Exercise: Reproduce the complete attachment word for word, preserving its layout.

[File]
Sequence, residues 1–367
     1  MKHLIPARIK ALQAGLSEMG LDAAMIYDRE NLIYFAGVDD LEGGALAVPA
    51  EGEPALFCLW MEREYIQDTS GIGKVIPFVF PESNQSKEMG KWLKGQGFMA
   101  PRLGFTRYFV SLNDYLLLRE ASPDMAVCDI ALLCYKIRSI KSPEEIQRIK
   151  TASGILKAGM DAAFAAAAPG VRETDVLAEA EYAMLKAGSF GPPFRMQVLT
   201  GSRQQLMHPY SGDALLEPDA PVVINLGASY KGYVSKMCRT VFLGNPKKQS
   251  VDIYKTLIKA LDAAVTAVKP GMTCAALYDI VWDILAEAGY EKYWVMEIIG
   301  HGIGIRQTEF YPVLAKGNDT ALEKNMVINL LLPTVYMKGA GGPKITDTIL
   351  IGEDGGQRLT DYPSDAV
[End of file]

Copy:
Sequence, residues 1–367
     1  MKHLIPARIK ALQAGLSEMG LDAAMIYDRE NLIYFAGVDD LEGGALAVPA
    51  EGEPALFCLW MEREYIQDTS GIGKVIPFVF PESNQSKEMG KWLKGQGFMA
   101  PRLGFTRYFV SLNDYLLLRE ASPDMAVCDI ALLCYKIRSI KSPEEIQRIK
   151  TASGILKAGM DAAFAAAAPG VRETDVLAEA EYAMLKAGSF GPPFRMQVLT
   201  GSRQQLMHPY SGDALLEPDA PVVINLGASY KGYVSKMCRT VFLGNPKKQS
   251  VDIYKTLIKA LDAAVTAVKP GMTCAALYDI VWDILAEAGY EKYWVMEIIG
   301  HGIGIRQTEF YPVLAKGNDT ALEKNMVINL LLPTVYMKGA GGPKITDTIL
   351  IGEDGGQRLT DYPSDAV